Mumbai, Sept. 28: Centurion Bank today reported a mammoth loss of Rs 161.84 crore for the year ended March 31, 2002 with the capital adequacy ratio plummeting to 4.16 per cent, way below the required level of 9 per cent as mandated by the Reserve Bank of India (RBI).
The bank also announced that it has posted a loss of Rs 3.66 crore in the quarter ended June 30 even as the senior management argued that a massive clean-up operation would enable it to return to the black by the end of this fiscal.
The loss posted by Centurion Bank was due to certain extraordinary provisions and write-offs relating to previous periods in respect of assets and liabilities taken over from the erstwhile 20th Century Finance Corporation (TCFC) consequent upon its merger with the bank.
These included Rs 47.18 crore towards hire-purchase assets taken over from TCFC, Rs 19.40 crore towards interest on deposit liabilities and an additional depreciation of Rs 19.34 crore on leased assets portfolio of TCFC. Further, towards normal provisioning requirement, the bank made a provision of Rs 76.55 crore towards non-performing assets. These include a provision of Rs 32 crore in respect of loans to capital market brokers and the balance being provisions towards other loans portfolio.
While Centurion Bank’s gross NPA stood at Rs 229 crore — it was 11.84 per cent of its total portfolio, net NPA is at 5.82 per cent. However, the bank posted an operating profit of Rs 14.41 crore for the year ended March 31, 2002 and Rs 7.80 crore for the first quarter of this year.
Speaking to newspersons here today, V. Janakiraman, chairman & managing director, maintained that though the bank’s capital adequacy ratio has declined, its “capital has not eroded and it is still solvent.”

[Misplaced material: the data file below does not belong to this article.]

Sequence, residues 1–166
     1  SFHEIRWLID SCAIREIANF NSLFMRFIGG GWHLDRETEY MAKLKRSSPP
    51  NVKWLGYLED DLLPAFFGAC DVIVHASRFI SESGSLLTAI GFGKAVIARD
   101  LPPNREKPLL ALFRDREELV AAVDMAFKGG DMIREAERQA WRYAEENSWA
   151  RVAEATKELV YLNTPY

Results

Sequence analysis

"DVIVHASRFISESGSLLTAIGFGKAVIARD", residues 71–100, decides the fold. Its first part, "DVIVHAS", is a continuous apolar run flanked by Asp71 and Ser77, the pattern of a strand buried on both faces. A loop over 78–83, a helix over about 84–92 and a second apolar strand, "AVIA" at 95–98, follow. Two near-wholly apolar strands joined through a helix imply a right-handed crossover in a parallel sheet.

“We have managed to clean up the bank and the difficulties faced by the bank are not expected to recur in the future,” he said.
Janakiraman was also hopeful that the bank would soon find a new strategic partner by the end of the year to whom 26 per cent is planned to be hawked. Another option before Centurion was to merge with a large nationalised bank (Andhra Bank). According to estimates, Centurion Bank would need capital infusion to the tune of Rs 160 crore.
The chairman said the three foreign partners of Centurion—Keppel Bank, IFC, Washington and Asian Development Bank—whose combined holding is put at 30 per cent, have informed the bank that they would fulfil their obligation in the event of a rights issue. Janakiraman also did not rule out the possibility of the bank placing its shares below par value to the strategic investor.
Centurion Bank had earlier received interest from reputed foreign banks of the likes of HSBC, Citibank among others for picking up the 26 per cent stake. However, these proposals did not fructify due to variety of reasons that included branch location and “discomfort” shown by some of them towards the balancesheet of the bank available then. Janakiraman was hopeful that with its latest balancesheet, it should now start receiving fresh enquiries.
The bank has over the recent past moved away from corporate advances to retail assets and that from bulk deposits to retail deposits. Ratio of corporate advances to total advances has come down to 38 per cent. Its capital market exposure has also come down by Rs 220 crore.
However, the bank has exceeded the 5 per cent ceiling stipulated by the RBI on advances to the capital market. It has committed to the central bank that this ratio will be brought down by the end of this fiscal.